For most Americans who lived through John F. Kennedy’s assassination, the memories are indelible – where you were, what you felt, how you processed the news – a cascade of recollections continuing even a half century later, Michael Winship notes.
By Michael Winship
Friday afternoon in my upstate New York hometown, around 2 p.m. I was a drummer in the junior high school band and after lunch in the cafeteria went to a rehearsal of the entire percussion section. A couple of bare light bulbs illuminated the stage; the rest of the auditorium was pitch black. Our teacher tapped his baton in time against the top of a music stand as we loudly banged away, reading the sheet music in front of us, the loud noise bouncing around the empty hall.
Suddenly, the teacher waved for us to stop. The principal was making an announcement on the public address system, his voice booming from the speaker hanging at the back of the auditorium. The sound of our drums continued to echo as out of the darkness we heard him say, “John F. Kennedy, 35th president of the United States…”
He paused for what seemed an eternity but was probably only a second or two, and in that moment, I thought the next thing he would say was that Kennedy had declared war, that he or the Russians had pushed the button.
We were still living in constant nuclear anxiety, newscasts and nightmares filled with mushroom clouds and horror stories about what radiation could do to us. A mockup of a fallout shelter had been built on the courthouse lawn, we constantly were given civil defense brochures and sent into school hallways for duck-and-cover drills.
Just a little more than a year before, we had seen Kennedy tell us about missiles in Cuba and warn that even if we won an atomic war with the Soviets, “the fruits of victory would be ashes in our mouths.”
Instead, the principal announced what in the moment seemed even more unimaginable: that Kennedy was dead. No other details. The echo from the loudspeaker moved through the empty auditorium and blended with the last reverberations from our drums. We stood there on the stage, shocked, not knowing what to say.
A few weeks before, my Halloween costume for my last trick-or-treat had been my Sunday suit, tie and a Kennedy mask. My mother had kept scrapbooks on Jackie Kennedy and had let me stay up late to watch the inaugural parties in January 1961.
These random thoughts flashed through my head but then here’s the way one adolescent nerd’s mind works. At breakfast, I had seen a tiny item in the morning paper: Kennedy would be giving a lunchtime speech at the Trade Mart in Dallas. Steak would be served as the main entrée and one would be chosen at random for the President. Good grief, I thought for one befuddled moment, the president got a poison steak!
The bell rang to change classes. And as we walked we heard that Kennedy had been shot. One of the gym teachers was standing in the hall; she said she’d heard that Lyndon Johnson had been hit, too, and was on the operating table. As with any breaking news, it would take a while for the stories to sort themselves out.
I got to my next class – woodshop – but we weren’t there very long. Soon an announcement came to go home early, which offended the shop teacher, a perpetually cranky right-winger who thought we should finish the normal school day.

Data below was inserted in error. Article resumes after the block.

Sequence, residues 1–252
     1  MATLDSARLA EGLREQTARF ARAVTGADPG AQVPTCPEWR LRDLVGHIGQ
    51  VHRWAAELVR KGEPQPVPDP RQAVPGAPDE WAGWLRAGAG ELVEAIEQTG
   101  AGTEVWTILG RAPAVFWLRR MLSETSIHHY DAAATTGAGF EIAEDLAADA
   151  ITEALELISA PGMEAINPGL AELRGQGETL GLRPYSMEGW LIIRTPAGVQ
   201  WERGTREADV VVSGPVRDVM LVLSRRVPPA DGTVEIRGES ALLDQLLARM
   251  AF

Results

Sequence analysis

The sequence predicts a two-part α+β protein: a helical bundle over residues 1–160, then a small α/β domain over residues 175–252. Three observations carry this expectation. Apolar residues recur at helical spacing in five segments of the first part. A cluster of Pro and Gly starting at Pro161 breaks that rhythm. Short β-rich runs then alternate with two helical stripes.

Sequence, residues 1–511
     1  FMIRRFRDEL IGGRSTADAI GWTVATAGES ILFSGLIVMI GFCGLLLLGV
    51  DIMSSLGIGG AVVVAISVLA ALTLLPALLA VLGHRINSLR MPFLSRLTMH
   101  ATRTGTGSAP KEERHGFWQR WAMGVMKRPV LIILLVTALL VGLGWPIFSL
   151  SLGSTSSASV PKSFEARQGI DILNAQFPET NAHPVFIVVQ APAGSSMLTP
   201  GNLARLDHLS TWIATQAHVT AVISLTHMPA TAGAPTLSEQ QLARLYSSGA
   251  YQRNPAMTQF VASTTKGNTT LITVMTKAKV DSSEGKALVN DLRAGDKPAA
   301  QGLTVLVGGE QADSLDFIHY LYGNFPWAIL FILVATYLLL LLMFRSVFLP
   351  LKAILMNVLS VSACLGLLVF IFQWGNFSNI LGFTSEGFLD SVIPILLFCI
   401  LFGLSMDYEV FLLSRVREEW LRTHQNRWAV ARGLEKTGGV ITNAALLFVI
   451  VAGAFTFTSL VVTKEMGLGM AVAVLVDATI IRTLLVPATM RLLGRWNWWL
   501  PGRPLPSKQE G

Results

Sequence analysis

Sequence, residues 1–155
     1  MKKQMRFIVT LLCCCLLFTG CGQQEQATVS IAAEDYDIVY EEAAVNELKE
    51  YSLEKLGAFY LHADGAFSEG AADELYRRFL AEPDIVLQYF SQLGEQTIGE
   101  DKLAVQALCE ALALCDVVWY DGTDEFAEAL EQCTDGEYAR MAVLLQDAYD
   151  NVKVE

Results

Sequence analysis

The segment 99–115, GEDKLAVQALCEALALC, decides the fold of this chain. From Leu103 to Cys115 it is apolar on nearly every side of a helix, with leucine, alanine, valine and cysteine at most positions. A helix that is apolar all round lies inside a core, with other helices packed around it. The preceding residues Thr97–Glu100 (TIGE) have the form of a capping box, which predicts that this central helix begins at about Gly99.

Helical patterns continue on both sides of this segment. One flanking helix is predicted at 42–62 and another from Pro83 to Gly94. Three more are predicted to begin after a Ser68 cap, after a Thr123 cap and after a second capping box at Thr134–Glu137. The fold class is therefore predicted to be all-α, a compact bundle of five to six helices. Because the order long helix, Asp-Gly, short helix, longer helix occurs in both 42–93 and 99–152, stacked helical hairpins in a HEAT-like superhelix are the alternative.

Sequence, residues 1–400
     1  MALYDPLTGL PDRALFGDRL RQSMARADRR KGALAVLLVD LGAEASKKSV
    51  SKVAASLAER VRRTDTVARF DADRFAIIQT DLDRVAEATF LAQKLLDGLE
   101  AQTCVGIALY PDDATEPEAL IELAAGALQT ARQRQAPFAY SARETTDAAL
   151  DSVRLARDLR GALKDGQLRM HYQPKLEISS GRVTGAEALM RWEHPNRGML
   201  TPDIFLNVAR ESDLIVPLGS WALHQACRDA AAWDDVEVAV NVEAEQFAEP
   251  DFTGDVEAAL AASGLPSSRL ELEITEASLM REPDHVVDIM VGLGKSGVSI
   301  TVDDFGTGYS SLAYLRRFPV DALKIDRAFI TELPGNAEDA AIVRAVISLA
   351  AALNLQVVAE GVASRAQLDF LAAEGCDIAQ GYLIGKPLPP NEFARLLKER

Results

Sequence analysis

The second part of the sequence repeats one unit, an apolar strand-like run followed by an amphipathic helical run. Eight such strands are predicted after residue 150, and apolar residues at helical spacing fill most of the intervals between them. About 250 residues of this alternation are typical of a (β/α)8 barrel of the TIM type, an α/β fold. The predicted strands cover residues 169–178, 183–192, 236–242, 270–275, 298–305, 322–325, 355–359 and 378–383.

My friends and I walked home, taking the shortcut over the railroad tracks, walking down a slope and past the elementary and primary schools, both of them bursting with baby boomer kids just a little younger than us.
For the rest of that Friday and the next three days, I would be glued to the television. My mother tried to get me to go with my father down to his store but I was adamant and inconsolable, only leaving the TV for meals and sleep. And church on Sunday.
Coming home from the service, I clicked the set back on and moments later saw Jack Ruby gun down Lee Harvey Oswald in the basement of the Dallas police headquarters. Live.
It was all, as the poet Robert Lowell wrote at the time, “a moment of terror and passionate chaos.” Norman Mailer called it a “fissure in the national psyche.” More simply, seeing such things, especially at my age then, messes with your head, each of us in different ways.
On the tenth anniversary, I was covering an assassination conference at Georgetown University for that late, lamented newspaper, The Washington Star. Most of the participants were my age, some a bit older, some more reasonable in their theories than others (outside, one of them would have his minions pick out likely “conspirators” as they walked by, push them against the wall of his white van and snap a Polaroid picture).
No matter what, none would accept that Kennedy, now in death the charismatic hero of a fantasy America, could have been killed by a lone gunman. “If John Kennedy had been John Doe,” one of them insisted to me, “a coroner’s jury would have demanded considerably better proof than the Warren Commission got.”
By then, there had been other American assassinations: Bobby Kennedy, Martin Luther King, Jr., Malcolm X. But it was President Kennedy’s, 50 years ago this month, which began what The New Yorker’s Adam Gopnik describes as “the postmodern suspicion that the more we see, the less we know.” The Warren Commission’s 26-volume report and an estimated 40,000 books about Kennedy later, many still doubt.
Nevertheless, as with everyone old enough to have been alive and sentient then, what I saw and heard those four days in November remains irrefutable and indelible. Television made that possible.
But while many will recall the sound of muffled drums as Kennedy’s horse-drawn funeral caisson was moved through the streets of Washington, I’ll remember Friday, 2 p.m., and the echo of drums in a dark and empty school auditorium.
Michael Winship, senior writing fellow at the think tank Demos, is senior writer of Moyers & Company, the weekly series on public television.